Redlining in the United States is alive and ongoing. The redlining of the 1930s turned entire neighborhoods into areas where home loans were difficult and costly to obtain. This evolved form of digital redlining makes broadband service equally difficult and costly to obtain.
The Robert Wood Johnson Foundation defines as digital redlining, a process through which “major network providers systematically exclude low-income neighborhoods from broadband service—deploying only sub-standard, low-speed home internet.”
Network providers’ inequitable broadband service and complacency to improve it in predominantly Black, low-income neighborhoods reflects institutional, implicit bias. People with disabilities already experience heightened, structural barriers of access to these utilities. Many people with disabilities are also people of color. Much of the disability community undoubtedly suffers from digital redlining.
While some have long argued for the internet to be treated as a public utility, the COVID-19 pandemic showed how essential a service it has become. It is essential for school, it is essential for work, it is essential for health and well-being, to pay bills, to schedule doctor appointments, to learn more about health symptoms, to monitor health, to plan transportation needs, and to maintain relationships. Broadband access drives physical, social, and economic health. Broadband access in itself is a social determinant of health.
By neglecting these basic utilities that are necessary to live, we are only deepening Black, low-income households’ likelihood to be stuck in the poverty cycle and suffer from the compounding effects of this oppression, including disabled Black populations. With less broadband access, lower-income, disabled Black households are less likely to be informed about their job schedules, medical updates, and educational resources. Today’s digital redlining is another intentional, racist form of discrimination that explicitly harms Black communities. A moral debt is owed.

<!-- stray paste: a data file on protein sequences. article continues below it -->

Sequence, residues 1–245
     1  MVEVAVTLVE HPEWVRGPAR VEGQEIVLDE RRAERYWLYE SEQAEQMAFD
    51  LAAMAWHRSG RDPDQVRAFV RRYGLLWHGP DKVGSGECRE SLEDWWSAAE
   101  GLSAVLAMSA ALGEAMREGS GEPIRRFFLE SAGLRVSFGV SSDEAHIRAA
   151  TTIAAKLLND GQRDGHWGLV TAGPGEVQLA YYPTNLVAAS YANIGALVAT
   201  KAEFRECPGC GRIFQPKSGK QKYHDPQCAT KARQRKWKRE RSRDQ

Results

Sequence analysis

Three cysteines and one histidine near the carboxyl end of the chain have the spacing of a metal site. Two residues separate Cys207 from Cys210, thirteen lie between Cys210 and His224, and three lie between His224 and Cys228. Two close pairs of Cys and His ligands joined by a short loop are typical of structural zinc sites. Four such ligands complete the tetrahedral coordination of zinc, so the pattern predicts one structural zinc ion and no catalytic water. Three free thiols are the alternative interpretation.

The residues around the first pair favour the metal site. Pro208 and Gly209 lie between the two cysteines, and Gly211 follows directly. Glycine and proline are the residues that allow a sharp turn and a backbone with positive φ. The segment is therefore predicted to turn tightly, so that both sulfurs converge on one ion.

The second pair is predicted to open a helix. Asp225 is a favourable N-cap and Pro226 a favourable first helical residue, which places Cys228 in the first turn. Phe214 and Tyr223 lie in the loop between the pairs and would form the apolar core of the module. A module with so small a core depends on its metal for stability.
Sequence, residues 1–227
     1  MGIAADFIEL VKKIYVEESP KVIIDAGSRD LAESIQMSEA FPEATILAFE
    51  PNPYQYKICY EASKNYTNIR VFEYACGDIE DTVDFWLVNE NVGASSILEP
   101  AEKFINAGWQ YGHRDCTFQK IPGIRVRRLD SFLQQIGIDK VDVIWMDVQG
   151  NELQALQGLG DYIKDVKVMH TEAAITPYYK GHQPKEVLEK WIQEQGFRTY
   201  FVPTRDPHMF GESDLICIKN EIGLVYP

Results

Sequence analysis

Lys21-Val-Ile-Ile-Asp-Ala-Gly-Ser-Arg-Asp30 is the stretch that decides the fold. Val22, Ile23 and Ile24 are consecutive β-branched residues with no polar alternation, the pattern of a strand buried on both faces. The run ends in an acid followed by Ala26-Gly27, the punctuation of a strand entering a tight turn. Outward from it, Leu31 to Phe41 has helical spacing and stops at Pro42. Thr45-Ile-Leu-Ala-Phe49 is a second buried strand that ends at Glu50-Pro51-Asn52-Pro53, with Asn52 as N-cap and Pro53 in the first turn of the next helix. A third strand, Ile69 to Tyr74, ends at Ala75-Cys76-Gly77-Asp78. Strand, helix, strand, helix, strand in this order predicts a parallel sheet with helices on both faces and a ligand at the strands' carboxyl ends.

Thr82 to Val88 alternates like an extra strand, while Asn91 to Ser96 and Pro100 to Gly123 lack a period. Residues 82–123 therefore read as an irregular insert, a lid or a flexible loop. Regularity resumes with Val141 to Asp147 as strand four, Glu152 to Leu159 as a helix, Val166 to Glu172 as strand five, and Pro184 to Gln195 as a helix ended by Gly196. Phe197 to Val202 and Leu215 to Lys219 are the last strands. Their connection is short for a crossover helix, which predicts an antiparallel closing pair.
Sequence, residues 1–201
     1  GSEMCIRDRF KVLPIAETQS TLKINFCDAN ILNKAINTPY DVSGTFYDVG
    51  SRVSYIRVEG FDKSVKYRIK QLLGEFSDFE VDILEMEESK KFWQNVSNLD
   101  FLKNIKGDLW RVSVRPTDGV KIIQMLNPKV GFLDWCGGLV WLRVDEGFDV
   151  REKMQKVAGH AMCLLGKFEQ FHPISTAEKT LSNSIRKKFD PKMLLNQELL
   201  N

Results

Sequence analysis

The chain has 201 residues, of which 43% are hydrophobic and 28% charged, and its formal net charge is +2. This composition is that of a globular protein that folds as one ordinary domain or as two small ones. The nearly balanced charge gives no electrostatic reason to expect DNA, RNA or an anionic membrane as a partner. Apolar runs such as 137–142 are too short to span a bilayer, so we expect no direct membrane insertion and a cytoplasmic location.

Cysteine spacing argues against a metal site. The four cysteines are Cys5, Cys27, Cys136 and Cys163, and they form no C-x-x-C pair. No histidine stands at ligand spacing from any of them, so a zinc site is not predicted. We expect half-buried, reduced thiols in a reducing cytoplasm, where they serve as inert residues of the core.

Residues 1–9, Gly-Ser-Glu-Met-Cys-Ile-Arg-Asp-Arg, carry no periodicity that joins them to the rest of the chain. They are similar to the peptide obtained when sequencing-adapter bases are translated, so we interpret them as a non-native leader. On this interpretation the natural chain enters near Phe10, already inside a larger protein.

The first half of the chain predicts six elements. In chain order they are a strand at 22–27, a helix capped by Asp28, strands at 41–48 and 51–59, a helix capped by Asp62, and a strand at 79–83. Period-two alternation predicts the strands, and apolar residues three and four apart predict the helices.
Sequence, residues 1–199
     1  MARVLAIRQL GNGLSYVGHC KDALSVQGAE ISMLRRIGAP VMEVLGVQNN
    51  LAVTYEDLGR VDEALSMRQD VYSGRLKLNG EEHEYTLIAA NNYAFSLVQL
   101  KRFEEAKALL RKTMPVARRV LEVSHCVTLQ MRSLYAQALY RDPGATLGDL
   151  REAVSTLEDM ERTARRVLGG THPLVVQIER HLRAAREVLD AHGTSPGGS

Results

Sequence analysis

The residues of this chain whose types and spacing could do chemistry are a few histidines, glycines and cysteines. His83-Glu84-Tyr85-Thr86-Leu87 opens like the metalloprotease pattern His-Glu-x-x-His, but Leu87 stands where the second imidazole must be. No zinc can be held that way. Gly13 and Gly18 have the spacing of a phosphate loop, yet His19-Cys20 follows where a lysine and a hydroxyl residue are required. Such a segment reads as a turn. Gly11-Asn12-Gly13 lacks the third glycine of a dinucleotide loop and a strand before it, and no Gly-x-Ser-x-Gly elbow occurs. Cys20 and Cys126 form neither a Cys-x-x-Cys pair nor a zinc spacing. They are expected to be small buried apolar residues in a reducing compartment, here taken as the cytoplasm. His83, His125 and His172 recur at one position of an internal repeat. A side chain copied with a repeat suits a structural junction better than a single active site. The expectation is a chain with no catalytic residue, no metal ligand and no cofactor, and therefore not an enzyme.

We need drastic action.
Broadband access is one of many key components of the recently announced $3.5 trillion infrastructure and budget reconciliation spending package. It will offer affordable, reliable, high-speed broadband to everyone, including the more than 35 percent of Americans in rural areas who lack access to broadband at minimally acceptable speeds.
On July 13th, Senate Majority Leader Senate Majority Leader Chuck Schumer (D-NY) announced an agreement on a blueprint for a spending package that includes many parts of Presidents Biden’s Jobs and family plan. It serves as a companion for the bipartisan infrastructure bill that will invest $579 billion in new spending over five years on improving broadband as well as roads, bridges, public transit, airports, and water and power infrastructure.
Similarly, on July 1, 2020, the House of Representatives passed the Moving Forward Act (H.R. 2), which would deploy $80 billion strong provisions on broadband access to currently unserved areas. The bill also creates opportunities for better jobs, making broadband services more affordable, ensuring access to digital classrooms, as well as establishing a new Office of Internet Connectivity and Growth as part of the National Telecommunications and Information Administration (NTIA).
The digital divide was significant before March 2020, and without policies with broadband access requirements, inequities will only persist for disabled, Black communities. Critical action needs to be taken to reach out to every member of Congress to express how vital the Senate bipartisan infrastructure bill is, particularly for the disabled, Black community.